Of course, McIntosh was not the first to try to describe the consequences of whiteness. W.E.B. Du Bois famously wrote of the legal and social advantages granted to whites in Black Reconstruction:

It must be remembered that the white group of laborers, while they received a low wage, were compensated in part by a sort of public and psychological wage. They were given public deference and titles of courtesy because they were white. They were admitted freely with all classes of white people to public functions, public parks, and the best schools. The police were drawn from their ranks, and the courts, dependent on their votes, treated them with such leniency as to encourage lawlessness. Their vote selected public officials, and while this had small effect upon the economic situation, it had great effect upon their personal treatment and the deference shown them. White schoolhouses were the best in the community, and conspicuously placed, and they cost anywhere from twice to ten times as much per capita as the colored schools. The newspapers specialized on news that flattered the poor whites and almost utterly ignored the Negro except in crime and ridicule.

However, McIntosh’s article operated at a very different register from Du Bois’s historical investigation of the class composition of the postbellum United States. It is likely that McIntosh wrote with the best of intentions, aiming to reduce barbaric behaviors among whites. Unfortunately, the effect of her article has been to provide whites with new and seemingly progressive ways of centering politics on the white identity.

This is because McIntosh refers throughout her article, interchangeably, to “my race,” “my racial group,” and “my skin color.” The first “white privilege” she names is: “I can if I wish arrange to be in the company of people of my race most of the time.” Another is that she can “go into a music shop and count on finding the music of my race represented.”

We will set aside what appears to be a lack of familiarity with the history of American popular music. What is significant is the equation of skin color, the category of “race,” and discrete groupings of human beings.

With this equation, white guilt reproduces the founding fiction of race: that there is a biological foundation, expressed in physical phenotypes, for separate groups of human beings which have separate cultures and forms of life.

This idea of race is a delusion, one which nevertheless has a “real” material effect. The “white race” is a more specific formation – a political structure of recent invention.

But the metaphor of the knapsack serves to obscure the reality of whiteness. McIntosh writes: “White privilege is like an invisible weightless knapsack of special provisions, maps, passports, codebooks, visas, clothes, tools and blank checks.”

The knapsack is carried by an individual navigating the open social field. It contains tools which enable the individual to navigate this field with greater effectiveness than those whose knapsacks are comparatively empty. The resources contained in the knapsack constitute whiteness as privilege, because the knapsack is carried by an individual who belongs to the white identity.

If the knapsack of privileges is carried by an individual already identifiable as white, then whiteness must necessarily be understood as a biological trait. The falseness of this notion is evident: the people who are currently described as white have a wide and complex range of genetic lineages, many of which were previously considered to be separate “races” of their own (the well-documented though frequently forgotten racialization of Slavs, Italians, the Irish, etc).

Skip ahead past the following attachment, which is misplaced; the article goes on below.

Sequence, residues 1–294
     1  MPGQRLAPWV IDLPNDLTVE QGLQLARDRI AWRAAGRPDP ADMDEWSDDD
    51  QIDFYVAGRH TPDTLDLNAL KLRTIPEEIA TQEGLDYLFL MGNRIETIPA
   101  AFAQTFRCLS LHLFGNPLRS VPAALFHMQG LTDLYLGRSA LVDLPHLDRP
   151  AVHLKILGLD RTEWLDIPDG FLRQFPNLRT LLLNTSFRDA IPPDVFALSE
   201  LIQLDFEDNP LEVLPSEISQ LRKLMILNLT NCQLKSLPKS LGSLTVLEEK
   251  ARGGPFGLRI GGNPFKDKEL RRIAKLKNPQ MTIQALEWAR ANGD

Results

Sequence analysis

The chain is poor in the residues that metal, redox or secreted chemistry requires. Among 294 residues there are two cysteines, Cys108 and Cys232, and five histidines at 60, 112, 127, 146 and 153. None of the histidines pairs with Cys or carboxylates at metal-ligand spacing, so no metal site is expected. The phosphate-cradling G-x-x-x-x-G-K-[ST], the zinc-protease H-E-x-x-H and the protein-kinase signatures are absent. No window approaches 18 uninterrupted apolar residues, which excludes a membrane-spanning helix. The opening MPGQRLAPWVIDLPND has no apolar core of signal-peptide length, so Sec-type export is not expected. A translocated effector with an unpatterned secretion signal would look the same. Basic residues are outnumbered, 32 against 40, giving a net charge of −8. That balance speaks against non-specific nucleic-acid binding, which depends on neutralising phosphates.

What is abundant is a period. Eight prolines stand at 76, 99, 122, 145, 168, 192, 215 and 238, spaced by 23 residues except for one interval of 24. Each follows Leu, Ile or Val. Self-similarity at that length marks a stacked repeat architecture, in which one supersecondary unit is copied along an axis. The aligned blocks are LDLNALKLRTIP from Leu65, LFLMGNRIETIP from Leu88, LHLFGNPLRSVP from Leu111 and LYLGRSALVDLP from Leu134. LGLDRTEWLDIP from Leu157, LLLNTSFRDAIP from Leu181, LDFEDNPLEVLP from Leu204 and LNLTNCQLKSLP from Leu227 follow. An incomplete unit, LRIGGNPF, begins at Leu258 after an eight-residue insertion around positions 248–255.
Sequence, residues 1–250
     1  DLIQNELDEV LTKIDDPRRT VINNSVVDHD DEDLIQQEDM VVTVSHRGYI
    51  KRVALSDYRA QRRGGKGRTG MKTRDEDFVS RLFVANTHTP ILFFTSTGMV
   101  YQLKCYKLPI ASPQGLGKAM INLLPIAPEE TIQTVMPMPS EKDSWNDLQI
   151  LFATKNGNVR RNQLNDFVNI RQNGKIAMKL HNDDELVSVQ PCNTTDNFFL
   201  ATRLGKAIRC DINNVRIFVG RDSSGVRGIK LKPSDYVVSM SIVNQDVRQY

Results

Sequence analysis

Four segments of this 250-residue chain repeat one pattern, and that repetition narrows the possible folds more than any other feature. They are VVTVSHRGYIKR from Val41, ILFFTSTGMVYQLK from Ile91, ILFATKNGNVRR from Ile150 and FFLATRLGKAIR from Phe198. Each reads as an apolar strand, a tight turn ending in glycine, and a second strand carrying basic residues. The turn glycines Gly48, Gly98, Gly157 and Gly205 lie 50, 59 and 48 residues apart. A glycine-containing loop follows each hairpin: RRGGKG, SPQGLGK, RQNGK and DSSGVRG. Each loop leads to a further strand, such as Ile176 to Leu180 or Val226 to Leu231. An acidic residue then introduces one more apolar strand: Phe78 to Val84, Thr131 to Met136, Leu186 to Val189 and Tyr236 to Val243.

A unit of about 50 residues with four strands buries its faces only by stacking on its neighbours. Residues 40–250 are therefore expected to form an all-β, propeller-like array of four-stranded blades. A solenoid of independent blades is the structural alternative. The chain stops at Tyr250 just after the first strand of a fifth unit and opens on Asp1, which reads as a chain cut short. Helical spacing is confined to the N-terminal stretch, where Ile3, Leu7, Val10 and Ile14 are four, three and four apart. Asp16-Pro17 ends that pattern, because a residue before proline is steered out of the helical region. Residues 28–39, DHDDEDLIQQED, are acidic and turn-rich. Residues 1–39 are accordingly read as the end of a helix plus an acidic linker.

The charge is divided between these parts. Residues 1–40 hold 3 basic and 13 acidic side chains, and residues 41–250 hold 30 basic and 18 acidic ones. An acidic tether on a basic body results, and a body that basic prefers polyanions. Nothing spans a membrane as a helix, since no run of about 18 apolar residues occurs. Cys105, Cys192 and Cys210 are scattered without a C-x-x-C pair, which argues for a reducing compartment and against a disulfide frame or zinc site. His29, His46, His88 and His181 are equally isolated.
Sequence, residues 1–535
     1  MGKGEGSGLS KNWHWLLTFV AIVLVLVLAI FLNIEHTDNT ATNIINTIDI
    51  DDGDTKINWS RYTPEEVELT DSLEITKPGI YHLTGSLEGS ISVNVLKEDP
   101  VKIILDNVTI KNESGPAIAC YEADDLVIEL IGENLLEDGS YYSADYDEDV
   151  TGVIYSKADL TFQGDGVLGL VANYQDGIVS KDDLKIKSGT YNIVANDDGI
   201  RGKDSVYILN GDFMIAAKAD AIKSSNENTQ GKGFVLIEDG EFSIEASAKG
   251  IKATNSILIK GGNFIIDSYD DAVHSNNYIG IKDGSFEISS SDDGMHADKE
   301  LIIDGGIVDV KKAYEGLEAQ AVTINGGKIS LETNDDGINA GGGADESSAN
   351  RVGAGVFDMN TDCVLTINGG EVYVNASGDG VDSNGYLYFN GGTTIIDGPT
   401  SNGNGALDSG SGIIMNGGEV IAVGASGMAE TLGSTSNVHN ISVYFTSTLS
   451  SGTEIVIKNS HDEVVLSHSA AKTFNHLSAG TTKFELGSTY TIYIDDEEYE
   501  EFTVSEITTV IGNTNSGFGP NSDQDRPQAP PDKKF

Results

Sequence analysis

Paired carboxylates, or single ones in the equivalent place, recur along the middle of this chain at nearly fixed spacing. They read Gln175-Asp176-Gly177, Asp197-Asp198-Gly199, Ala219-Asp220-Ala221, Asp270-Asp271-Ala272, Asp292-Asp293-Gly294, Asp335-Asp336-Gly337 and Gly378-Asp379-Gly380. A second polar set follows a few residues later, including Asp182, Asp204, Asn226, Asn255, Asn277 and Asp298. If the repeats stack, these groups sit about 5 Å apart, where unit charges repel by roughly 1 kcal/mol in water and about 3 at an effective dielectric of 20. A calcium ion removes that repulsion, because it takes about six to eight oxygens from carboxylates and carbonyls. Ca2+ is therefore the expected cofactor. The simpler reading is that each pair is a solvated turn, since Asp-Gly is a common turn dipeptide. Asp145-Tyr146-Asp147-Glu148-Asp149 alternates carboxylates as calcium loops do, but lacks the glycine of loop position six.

We might conclude that there has only been a minor error of description: in reality, whiteness itself is constituted by the contents of the knapsack. The constitution of whiteness as identity and its constitution as privilege are simultaneous: the knapsack’s provisions confer not only advantages but also identity upon its bearer.

But how do we know, then, that the content of the identity conferred has something to do with “whiteness”? Surely, in addition to the specific items conferring a privilege, one would find in any knapsack of identity an infinity of arbitrary details: hair length, gait, dietary preference, computer skills, etc. That is, in order to describe an individual’s identity, the knapsack would have to contain everything constituting the this-ness of that particular individual. It would offer us no insight as to the organizing principle which constitutes these traits as something which can be called “white.” There would be no way to distinguish “white” characteristics from human ones, Pennsylvanian ones, or heavy metal ones.

This is the failure of liberal thought. A political formation such as whiteness cannot be explained by starting with an individual’s identity – the reduction of politics to the psychology of the self. The starting point will have to be the social structure and its constitutive relations, within which individuals are composed. And it is too often forgotten that decades before McIntosh’s knapsack, the term “white privilege” originated with such a theory.


The theory of “white-skin privilege” was advanced by members of an early anti-revisionist split-off from the Communist Party USA (the Provisional Organizing Committee), and would come to have an enormous influence on the New Left and the New Communist Movement. A series of essays by Theodore Allen and Noel Ignatiev, collected as the pamphlet White Blindspot, offered the initial formulation. Ignatiev and Allen’s argument was that the legacy of slavery was the imposition of white supremacy by the ruling class, as an instrument of class division. But this was a political theory, not a cultural or moral one, and it held that “white chauvinism” was actually detrimental to the white working class, preventing unity with black workers. So fighting against white supremacy was in fact a central part of a political program that favored the self-organization of all workers. Ignatiev’s initial entry is worth quoting at length: